A Nation Terrified by Terrorists

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Booga, Booga! One step closer and I light my crotch on fire!

Booga, Booga! One step closer and I light my crotch on fire!

Update The Odds of a Terrorist Attack: 1-in-16,553,385 Departures. In other words, it ain’t very damn likely.

It’s been more than 24 hours since an incompetent terrorist set his crotch ablaze aboard a Detroit-bound airplane and few have yet suggested this is Obama’s fault. Quite remarkable. Frankly, I expected the Orly Taitzters would be all atwitter with accusations that Umar Farouk Abdul Mutallab was the secret love child of Barack Obama and Bill Ayers, conceived at the local ACORN office.


A quick virtual walkabout through the major news sites, finds the usual calls for investigations (as well there should be) and experts evenly divided between those who believe everyone should be bolted to their seats and those who believe there’s little you can realistically do to combat this type of terrorism.

During the Reign of Chimpy the Magnificent, supporters were keen to point out that he’d spread his all-powerful wings of duct tape and plastic across the globe and no terrorist dared set foot into daylight – the rough equivalent of crediting him with protecting you from lightening strikes – as nearly an unlikely event.

However, here’s a little secret – George Bush was mostly just unlucky to be the guy left holding the bag when the deranged videographer from Tora Bora demolished the World Trade Center. Wrong place. Wrong time. Wrong guy.

Of course, he was masterful at capitalizing on that bad luck. He used it to scare the bejeebus out of the nation and turn America into a place that looks a whole lot more like the nations he bragged of vanquishing. Knock-kneed Americans dutifully lined up and told him, “Here! Take anything you want! Puhleeze! Do anything you can to keep me safe on my once-a-decade airline flight! I’m askeered!”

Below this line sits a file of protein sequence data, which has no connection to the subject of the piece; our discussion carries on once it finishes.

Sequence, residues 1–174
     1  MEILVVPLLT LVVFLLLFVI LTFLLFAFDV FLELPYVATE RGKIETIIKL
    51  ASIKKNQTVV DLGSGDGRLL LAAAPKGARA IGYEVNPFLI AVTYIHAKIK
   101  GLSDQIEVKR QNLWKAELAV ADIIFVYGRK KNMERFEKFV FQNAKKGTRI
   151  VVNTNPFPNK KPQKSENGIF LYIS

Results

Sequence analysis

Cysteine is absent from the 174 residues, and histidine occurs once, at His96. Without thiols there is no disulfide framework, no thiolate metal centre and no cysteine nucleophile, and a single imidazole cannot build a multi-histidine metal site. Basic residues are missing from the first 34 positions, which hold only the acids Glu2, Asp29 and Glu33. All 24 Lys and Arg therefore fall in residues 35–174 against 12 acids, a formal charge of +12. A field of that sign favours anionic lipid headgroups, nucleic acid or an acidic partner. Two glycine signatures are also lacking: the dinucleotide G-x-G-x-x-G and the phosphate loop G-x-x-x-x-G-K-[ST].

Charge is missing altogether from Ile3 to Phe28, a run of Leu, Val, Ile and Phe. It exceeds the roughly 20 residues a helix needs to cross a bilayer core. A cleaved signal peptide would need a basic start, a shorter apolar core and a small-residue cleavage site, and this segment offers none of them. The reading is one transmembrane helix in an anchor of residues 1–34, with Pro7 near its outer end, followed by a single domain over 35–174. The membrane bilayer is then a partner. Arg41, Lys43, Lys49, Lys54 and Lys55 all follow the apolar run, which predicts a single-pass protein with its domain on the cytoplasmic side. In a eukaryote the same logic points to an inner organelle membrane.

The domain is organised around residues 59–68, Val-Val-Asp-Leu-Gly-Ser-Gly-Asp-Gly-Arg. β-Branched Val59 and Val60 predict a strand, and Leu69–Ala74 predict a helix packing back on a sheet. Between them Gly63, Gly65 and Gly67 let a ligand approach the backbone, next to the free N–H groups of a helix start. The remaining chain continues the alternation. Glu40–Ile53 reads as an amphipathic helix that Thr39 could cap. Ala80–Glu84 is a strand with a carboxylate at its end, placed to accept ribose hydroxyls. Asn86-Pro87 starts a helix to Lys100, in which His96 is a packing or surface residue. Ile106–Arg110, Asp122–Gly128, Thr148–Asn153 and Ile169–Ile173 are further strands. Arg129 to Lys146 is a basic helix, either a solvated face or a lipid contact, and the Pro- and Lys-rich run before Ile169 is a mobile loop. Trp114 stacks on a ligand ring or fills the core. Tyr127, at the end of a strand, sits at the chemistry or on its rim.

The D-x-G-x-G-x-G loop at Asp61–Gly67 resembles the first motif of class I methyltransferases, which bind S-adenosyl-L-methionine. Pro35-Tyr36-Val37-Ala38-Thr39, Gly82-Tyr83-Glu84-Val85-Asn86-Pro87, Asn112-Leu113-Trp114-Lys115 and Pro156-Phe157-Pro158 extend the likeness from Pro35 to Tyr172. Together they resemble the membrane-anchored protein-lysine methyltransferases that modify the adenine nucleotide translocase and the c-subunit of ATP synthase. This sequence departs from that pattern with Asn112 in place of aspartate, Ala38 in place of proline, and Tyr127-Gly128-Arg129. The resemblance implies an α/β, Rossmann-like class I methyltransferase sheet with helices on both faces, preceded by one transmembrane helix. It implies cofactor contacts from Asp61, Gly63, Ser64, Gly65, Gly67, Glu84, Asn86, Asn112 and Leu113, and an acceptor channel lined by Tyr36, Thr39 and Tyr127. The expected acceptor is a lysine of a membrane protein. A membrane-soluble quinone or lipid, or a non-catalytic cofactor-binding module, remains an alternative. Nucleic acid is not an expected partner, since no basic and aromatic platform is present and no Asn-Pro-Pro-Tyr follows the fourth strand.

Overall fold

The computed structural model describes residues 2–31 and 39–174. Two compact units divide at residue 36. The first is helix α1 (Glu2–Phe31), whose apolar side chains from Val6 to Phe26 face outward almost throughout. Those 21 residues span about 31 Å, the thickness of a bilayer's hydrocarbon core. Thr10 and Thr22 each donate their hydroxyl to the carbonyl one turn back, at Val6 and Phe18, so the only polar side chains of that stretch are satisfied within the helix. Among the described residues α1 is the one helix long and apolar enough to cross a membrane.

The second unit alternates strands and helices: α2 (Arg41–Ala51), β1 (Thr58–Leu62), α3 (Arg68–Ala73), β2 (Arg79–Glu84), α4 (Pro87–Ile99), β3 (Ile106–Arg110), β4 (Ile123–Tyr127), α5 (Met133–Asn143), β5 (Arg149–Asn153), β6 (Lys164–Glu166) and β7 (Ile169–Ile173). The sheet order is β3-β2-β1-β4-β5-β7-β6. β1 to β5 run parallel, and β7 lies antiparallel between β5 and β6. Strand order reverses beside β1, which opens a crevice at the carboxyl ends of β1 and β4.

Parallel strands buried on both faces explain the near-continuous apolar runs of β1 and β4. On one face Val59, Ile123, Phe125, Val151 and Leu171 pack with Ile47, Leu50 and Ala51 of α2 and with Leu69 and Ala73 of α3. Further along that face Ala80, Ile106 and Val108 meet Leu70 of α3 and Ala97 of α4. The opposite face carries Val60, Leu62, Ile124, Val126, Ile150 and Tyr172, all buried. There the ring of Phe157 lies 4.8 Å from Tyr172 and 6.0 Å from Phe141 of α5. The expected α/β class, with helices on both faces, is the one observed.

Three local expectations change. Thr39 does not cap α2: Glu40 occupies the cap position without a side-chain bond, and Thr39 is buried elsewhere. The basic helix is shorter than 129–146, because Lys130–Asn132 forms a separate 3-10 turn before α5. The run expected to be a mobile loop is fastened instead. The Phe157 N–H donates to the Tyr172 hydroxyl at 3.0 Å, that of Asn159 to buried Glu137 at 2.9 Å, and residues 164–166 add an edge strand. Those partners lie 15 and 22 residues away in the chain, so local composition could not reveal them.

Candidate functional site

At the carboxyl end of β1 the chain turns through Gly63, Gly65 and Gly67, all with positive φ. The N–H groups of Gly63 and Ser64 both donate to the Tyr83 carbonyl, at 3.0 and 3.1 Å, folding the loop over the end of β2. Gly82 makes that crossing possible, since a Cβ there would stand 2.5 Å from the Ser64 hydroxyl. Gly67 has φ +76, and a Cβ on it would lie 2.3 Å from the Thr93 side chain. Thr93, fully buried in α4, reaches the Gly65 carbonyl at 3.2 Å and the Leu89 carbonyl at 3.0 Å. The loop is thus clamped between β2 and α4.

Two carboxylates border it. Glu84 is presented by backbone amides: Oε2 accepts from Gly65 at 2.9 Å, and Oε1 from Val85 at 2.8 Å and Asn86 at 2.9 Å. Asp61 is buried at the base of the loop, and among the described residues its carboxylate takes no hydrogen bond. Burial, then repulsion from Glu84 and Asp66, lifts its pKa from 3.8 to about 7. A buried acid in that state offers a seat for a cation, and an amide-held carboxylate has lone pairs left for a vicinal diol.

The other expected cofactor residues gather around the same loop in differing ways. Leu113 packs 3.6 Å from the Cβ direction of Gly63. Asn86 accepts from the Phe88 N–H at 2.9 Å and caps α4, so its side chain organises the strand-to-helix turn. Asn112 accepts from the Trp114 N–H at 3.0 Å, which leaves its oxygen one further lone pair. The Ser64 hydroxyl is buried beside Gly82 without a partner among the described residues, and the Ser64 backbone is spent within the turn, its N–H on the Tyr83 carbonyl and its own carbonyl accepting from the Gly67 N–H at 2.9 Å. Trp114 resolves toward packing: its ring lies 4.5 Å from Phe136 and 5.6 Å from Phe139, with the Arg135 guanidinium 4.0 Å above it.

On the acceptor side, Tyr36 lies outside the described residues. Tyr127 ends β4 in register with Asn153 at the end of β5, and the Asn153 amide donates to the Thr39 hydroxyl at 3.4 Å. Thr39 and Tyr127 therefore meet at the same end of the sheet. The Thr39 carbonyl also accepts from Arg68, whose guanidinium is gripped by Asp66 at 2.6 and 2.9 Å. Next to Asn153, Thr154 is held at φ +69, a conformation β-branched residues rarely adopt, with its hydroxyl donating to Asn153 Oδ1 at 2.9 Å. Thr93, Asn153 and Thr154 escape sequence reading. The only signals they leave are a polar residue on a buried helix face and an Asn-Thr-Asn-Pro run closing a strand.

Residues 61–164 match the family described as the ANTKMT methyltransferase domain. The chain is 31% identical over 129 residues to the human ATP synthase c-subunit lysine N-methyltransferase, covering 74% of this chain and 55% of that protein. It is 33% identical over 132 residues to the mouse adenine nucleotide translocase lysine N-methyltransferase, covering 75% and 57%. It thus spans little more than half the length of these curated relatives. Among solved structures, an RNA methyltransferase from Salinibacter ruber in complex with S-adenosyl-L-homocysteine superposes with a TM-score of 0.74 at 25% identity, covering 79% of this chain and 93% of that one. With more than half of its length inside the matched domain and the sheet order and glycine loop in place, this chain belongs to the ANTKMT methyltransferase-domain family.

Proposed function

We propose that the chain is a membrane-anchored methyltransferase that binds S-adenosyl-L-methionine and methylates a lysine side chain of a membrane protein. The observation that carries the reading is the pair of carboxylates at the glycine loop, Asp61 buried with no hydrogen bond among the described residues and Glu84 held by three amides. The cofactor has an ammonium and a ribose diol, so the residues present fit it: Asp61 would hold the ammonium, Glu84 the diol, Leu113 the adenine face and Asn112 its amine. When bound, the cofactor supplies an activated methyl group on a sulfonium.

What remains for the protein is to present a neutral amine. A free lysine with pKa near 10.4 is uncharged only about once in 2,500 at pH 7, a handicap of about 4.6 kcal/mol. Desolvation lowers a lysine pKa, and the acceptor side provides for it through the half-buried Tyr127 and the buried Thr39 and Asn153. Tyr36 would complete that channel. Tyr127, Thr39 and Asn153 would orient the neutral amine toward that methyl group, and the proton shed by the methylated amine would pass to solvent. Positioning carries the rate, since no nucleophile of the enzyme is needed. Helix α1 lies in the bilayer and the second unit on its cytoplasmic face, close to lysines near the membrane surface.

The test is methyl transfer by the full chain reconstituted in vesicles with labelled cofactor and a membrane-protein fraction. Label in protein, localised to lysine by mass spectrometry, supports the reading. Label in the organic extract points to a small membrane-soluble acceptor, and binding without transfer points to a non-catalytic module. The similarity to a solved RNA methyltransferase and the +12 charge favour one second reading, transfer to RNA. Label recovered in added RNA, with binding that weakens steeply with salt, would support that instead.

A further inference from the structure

Goodbye Bill of Rights, hello hopping on one foot as you struggle to get your shoes off at the security gate.

Despite the multi-billion dollar databases, despite the huge domestic and international intelligence apparatus, despite trillions spent on daily-double wars, terrorists will slip through. They will slip through if you removed every stitch of clothing, flew in the nude, and banned all luggage. Loons will be loons, but they’re smart and resourceful and they’re invisible needles in a worldwide haystack.

The only practical response to terrorists is to refuse to be terrorized – something a number of today’s polls suggest fear-crazed Americans are afraid to do. Hefty majorities cry for still more security. Many admit  they’ll let the government do anything they want so long as it gives them the illusion of security.

Americans need to wake up to a fact the rest of the world learned 25 years ago. No matter what you do, nitwits wintering over in Pakistani caves have lots of time to figure out how to attack someone and even if they aren’t successful, or just resort to sending a poorly edited videotape of thinly veiled threats, they still scare people. You can’t do a helluva lot about that.

There’s nothing wrong with reasonable precautions. Though people initially resisted them, metal detectors stopped Havana from being a popular destination for vacationing terrorists. It was a good deal.

Removing shoes at check-in? Not so much.

For proof, our newest would-be bomber apparently set off a bomblet made from similar materials security was supposed to guard against. And, he easily defeated the Anti-Maxwell Smart Hide-a-Shoe ® security precautions. He just kept his Hush Puppies on and jumped straight into an embarrassingly crotch-immolating fire.

The TSA requiring passengers remain seated for the last hour of a flight does promote safety, but only because people shouldn’t be wandering around the cabin anyway. Umar had about 9 hours to wander around before he set himself on fire, and he apparently did it while seated anyway. I’m all for banning luggage the size of console color TVs from the overhead bins though. Those are a clear and present danger.

There was a time when America fancied itself free and strong and proud – not to be confused with kicking the shit out of Third-World countries, abrogating the Constitution, and smirking about our High Noon moment on the range. As a nation, we didn’t suffer fools gladly. We hunted them down and vanquished them under fair and legal proceedings. Today you’ll find us under the far-corner of the bed shaking the thing like a berserk Magic Fingers and whining about not bringing terrorists into the country because, well, just because, that’s why!